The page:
China Will Start Sending Poultry To The US And People Are Getting Worried

(Reuters/Randall Hill)

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China will export processed chicken and other poultry products to the U.S. as part of a recent trade deal, but some are concerned about the safety of Chinese processing operations.

Under the trade agreement that opened Chinese markets to American beef, the U.S. promised to allow China to export butchered poultry products, mainly chickens and ducks, to America.

“Taking that processed chicken was a quid pro quo to get China to accept U.S. beef,” Democratic Connecticut Rep. Rosa L. DeLauro told the Washington Post Friday. “Trade always trumps public health in the U.S. … It’s outrageous. It says we don’t care about the health and safety of consumers.”

The U.S. currently prohibits poultry products that have been processed in China, but a proposed rule would allow certified vendors to process meat for American consumers. The products would not be labeled, but would undergo rigorous safety inspections, Department of Agriculture Secretary Sonny Perdue told CNBC in June.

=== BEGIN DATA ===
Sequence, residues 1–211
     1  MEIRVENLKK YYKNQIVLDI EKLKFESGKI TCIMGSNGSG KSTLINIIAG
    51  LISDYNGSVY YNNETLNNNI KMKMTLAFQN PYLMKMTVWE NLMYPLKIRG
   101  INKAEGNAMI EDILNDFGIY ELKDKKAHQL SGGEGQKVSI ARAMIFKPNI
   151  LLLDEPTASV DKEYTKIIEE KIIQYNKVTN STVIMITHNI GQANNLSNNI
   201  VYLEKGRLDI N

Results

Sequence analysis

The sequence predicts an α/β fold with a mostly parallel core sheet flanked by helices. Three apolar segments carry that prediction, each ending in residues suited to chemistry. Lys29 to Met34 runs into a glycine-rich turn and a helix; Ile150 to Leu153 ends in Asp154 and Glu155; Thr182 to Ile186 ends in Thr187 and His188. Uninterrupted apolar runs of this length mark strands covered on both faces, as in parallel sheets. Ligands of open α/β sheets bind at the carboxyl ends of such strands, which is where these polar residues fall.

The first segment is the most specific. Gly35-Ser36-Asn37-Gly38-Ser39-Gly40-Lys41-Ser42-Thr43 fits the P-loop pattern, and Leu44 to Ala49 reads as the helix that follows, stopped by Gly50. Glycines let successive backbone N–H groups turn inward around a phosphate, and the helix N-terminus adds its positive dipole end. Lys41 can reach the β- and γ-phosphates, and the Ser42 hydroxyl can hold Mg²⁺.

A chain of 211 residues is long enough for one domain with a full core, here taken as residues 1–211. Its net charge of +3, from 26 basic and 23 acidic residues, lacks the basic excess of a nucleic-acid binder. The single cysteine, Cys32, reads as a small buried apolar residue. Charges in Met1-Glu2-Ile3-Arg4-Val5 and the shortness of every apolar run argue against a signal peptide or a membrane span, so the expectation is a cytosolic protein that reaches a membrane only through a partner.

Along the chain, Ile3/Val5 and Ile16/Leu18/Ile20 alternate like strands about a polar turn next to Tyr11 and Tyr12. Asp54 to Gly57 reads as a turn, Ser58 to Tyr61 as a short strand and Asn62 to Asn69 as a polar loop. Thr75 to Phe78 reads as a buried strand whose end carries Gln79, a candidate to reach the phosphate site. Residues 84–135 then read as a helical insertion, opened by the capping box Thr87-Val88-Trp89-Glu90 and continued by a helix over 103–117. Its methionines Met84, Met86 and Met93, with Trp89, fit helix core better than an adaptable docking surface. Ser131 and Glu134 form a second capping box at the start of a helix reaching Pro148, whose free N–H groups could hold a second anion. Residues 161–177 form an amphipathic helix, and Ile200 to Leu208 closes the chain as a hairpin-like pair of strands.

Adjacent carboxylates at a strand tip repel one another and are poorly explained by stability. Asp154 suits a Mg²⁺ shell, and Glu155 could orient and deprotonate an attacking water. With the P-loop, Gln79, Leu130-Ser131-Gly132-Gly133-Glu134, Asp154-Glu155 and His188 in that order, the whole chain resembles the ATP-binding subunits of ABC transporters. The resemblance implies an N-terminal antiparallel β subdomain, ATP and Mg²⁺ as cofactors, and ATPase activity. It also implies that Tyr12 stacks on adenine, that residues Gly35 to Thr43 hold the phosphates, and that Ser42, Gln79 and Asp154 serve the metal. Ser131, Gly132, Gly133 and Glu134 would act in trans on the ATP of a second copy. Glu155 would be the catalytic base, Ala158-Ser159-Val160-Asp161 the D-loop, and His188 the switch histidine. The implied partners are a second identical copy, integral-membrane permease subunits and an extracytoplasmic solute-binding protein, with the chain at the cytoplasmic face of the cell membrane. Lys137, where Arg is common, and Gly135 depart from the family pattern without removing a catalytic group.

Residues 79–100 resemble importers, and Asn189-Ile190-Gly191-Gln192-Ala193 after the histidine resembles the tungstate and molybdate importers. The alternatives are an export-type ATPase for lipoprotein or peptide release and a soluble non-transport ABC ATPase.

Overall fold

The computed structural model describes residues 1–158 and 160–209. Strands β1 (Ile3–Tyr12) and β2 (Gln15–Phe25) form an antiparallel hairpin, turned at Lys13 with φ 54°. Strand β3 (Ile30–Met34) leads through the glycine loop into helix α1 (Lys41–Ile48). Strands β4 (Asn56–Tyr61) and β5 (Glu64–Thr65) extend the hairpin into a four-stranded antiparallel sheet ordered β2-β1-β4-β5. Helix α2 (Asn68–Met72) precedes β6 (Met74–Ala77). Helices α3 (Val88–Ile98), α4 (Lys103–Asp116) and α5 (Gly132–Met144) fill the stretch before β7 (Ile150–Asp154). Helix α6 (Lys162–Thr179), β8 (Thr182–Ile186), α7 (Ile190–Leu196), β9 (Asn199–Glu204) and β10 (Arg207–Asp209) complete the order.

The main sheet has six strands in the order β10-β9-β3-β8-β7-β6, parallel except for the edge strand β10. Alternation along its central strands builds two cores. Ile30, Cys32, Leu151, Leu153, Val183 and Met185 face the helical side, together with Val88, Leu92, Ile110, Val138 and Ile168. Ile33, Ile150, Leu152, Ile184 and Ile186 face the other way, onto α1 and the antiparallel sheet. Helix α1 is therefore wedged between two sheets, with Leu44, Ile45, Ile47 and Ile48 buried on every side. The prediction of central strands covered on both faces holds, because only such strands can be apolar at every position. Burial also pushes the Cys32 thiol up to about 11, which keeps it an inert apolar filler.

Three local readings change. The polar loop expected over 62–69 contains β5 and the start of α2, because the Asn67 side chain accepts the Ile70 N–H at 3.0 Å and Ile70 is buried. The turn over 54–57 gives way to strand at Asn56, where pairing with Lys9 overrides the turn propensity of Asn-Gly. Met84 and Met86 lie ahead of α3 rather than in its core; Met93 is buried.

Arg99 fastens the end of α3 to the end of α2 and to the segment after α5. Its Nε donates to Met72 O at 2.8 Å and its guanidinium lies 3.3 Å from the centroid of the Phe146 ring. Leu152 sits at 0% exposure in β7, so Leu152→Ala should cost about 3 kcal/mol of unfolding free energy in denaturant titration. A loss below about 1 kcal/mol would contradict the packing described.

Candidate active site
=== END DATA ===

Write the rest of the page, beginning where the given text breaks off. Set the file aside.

The new rule allowing China to export poultry products to the U.S. wouldn’t go into effect until after the Department of Agriculture’s comment period ends in August.

Perdue visited China last week to celebrate the first shipments of American beef to the country, promising that once “the Chinese people get a taste of U.S. beef, they’re going to want more of it.”

Department of Agriculture food safety inspectors granted approval to four Chinese meat processing facilities in April, allowing them to process poultry products for American markets.

China’s food safety standards are simply not as rigorous as U.S. rules. China is still not allowed to sell raw poultry products to most other countries because of the risk of avian flu, but fully cooking poultry products kills any avian flu bacteria.

“Food safety is highly dependent on a culture of food safety, which China doesn’t have,” Thomas Gremillion, director of food policy at the Consumer Federation of America, told WaPo. “I don’t see the little bit they’ve done as revolutionizing this permissiveness toward food adulteration.”

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